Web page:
Authors: Sachi Matsuoka*, Kyoto University
Topics: Medical and Health Geography, Behavioral Geography, Asia
Keywords: India, interpersonal relationships, space use, welfare system, religious institutions, welfare, unofficial social service,
Session Type: Paper
Start / End Time: 2:35 PM / 4:15 PM
Room: Taylor, Marriott, Mezzanine Level
Presentation File: No File Uploaded
A highly aging society is observed in Kerala due to decreased fertility rate and increased longevity. Even though the Kerala state Government has the greater welfare systems in India, it cannot enough answer the high demands of the increasing needs. It partly causes some ashrams, non-governmental religious institutions, to work as unofficial social welfare for people who needs special help including elderlies. Little studies, however, have conducted to examine the roles of ashrams in terms of health and welfare in the modern context.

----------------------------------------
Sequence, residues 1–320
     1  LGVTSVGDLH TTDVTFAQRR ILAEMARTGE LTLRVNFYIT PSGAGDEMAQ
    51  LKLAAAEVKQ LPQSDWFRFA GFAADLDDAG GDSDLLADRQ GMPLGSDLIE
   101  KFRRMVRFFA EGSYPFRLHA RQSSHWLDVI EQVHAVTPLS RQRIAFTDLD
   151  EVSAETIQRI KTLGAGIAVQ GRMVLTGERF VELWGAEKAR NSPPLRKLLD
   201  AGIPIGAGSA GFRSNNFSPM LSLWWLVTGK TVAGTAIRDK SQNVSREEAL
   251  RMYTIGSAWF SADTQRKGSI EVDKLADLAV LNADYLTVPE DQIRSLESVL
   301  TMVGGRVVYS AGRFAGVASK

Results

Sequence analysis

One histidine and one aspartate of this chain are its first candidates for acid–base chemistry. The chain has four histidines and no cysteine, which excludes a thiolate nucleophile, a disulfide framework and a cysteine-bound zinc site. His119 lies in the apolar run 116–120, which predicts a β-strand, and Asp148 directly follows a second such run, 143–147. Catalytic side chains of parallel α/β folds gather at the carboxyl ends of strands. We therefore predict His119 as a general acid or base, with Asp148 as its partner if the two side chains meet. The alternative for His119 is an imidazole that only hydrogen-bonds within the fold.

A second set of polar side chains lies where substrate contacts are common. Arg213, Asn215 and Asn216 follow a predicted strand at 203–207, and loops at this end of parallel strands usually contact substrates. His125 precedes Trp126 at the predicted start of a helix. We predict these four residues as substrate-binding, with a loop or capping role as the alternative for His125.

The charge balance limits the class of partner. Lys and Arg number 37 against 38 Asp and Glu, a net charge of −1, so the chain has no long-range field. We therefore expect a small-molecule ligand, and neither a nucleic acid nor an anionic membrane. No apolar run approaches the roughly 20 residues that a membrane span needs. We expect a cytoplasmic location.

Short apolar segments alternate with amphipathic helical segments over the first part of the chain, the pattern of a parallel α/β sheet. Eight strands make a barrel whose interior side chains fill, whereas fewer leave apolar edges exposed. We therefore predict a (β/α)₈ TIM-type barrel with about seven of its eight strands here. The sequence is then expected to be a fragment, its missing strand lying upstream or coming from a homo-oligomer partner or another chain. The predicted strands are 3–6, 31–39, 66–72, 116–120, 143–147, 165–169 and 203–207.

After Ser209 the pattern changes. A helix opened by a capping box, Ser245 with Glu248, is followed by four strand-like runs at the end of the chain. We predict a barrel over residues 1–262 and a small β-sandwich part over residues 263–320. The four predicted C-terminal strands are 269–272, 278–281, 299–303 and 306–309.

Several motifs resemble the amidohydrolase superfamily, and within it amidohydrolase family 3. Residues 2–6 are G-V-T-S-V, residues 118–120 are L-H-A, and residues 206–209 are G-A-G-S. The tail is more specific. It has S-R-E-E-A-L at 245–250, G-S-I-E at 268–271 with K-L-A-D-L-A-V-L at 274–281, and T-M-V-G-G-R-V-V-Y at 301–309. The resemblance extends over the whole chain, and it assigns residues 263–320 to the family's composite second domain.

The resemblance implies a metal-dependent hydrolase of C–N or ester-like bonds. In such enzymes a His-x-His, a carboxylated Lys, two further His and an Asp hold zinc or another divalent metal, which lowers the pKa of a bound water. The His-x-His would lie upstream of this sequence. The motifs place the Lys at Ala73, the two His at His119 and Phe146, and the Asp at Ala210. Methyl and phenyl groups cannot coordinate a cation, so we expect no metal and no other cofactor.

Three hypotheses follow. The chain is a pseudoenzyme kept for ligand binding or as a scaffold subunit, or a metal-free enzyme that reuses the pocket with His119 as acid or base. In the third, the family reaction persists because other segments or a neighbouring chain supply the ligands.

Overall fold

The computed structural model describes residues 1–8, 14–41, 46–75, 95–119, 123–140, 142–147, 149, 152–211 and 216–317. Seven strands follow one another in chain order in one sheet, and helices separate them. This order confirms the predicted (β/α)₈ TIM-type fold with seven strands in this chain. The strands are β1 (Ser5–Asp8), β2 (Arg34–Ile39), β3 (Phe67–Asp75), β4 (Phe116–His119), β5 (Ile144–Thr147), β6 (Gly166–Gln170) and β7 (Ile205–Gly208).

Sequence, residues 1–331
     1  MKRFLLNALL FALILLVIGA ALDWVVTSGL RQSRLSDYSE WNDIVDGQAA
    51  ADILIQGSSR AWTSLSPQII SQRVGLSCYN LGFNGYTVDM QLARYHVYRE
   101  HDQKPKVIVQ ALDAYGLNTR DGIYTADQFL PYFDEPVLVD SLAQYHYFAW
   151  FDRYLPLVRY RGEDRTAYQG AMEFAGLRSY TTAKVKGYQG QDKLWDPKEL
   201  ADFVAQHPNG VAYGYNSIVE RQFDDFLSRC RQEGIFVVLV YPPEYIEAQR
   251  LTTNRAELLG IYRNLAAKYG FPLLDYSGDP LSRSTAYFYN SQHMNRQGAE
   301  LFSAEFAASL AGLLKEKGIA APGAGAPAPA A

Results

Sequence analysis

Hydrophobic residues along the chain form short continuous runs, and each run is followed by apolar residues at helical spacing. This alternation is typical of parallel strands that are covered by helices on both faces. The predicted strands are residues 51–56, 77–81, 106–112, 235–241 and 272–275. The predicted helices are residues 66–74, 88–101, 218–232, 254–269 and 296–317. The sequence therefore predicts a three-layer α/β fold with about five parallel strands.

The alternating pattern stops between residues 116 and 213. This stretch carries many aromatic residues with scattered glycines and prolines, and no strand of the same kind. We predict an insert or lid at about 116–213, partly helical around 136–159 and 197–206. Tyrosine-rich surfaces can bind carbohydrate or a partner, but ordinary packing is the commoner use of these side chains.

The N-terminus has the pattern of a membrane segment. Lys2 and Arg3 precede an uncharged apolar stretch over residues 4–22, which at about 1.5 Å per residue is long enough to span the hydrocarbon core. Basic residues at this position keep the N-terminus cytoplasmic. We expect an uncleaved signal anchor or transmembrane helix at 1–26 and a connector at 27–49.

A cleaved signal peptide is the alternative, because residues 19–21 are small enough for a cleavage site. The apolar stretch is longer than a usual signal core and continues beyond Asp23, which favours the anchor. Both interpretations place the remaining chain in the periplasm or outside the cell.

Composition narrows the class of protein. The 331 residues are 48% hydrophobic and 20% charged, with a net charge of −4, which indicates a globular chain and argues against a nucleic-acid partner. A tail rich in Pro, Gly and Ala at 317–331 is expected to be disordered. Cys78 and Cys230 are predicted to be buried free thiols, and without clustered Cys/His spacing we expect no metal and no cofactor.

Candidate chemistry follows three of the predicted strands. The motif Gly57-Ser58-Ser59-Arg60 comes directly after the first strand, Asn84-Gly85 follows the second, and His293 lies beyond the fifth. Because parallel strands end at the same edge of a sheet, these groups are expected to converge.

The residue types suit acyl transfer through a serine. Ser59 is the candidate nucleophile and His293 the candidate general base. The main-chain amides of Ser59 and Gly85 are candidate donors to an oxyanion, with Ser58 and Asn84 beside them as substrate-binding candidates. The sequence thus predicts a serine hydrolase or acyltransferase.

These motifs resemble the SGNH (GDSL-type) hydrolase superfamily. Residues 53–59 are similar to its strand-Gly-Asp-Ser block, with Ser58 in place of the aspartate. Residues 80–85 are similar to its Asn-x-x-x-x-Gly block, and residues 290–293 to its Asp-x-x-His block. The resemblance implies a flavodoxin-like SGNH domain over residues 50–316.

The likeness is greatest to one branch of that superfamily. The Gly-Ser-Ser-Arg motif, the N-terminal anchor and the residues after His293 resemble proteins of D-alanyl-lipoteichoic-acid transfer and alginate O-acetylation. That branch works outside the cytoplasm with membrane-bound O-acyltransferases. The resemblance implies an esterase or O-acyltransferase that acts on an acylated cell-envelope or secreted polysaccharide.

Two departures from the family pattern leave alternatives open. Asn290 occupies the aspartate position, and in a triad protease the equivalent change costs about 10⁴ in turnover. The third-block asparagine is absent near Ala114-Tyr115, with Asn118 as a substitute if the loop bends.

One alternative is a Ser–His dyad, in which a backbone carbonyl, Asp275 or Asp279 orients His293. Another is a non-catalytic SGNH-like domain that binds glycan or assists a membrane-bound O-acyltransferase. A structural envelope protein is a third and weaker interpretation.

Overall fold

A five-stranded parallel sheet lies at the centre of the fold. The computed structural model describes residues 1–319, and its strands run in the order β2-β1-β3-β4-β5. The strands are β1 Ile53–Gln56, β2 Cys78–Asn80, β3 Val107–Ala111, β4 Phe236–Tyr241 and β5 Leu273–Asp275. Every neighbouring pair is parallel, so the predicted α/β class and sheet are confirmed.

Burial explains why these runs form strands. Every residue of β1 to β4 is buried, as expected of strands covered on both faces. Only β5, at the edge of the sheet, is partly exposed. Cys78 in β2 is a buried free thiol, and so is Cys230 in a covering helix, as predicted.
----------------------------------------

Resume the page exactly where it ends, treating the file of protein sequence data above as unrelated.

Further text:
In many cases, multi generations live in an ashram and even elderly and/or disable inhabitants practice sava, the selfless service, to others from their religious belief. As there are no expert paid care takers in ashrams, there is a space for inhabitants to help each other by doing what they can offer depending on their abilities. This cultivates complex relationships among inhabitants and it possibly can answer the variety of elderlies’ needs. This is because people’s needs are deferent one by one and also what they can offer to others are varied especially among intergeneration. The author has conducted long-term field works at an ashram to investigate their daily seva practice and discuss how the common space use works to grow their interpersonal relationships.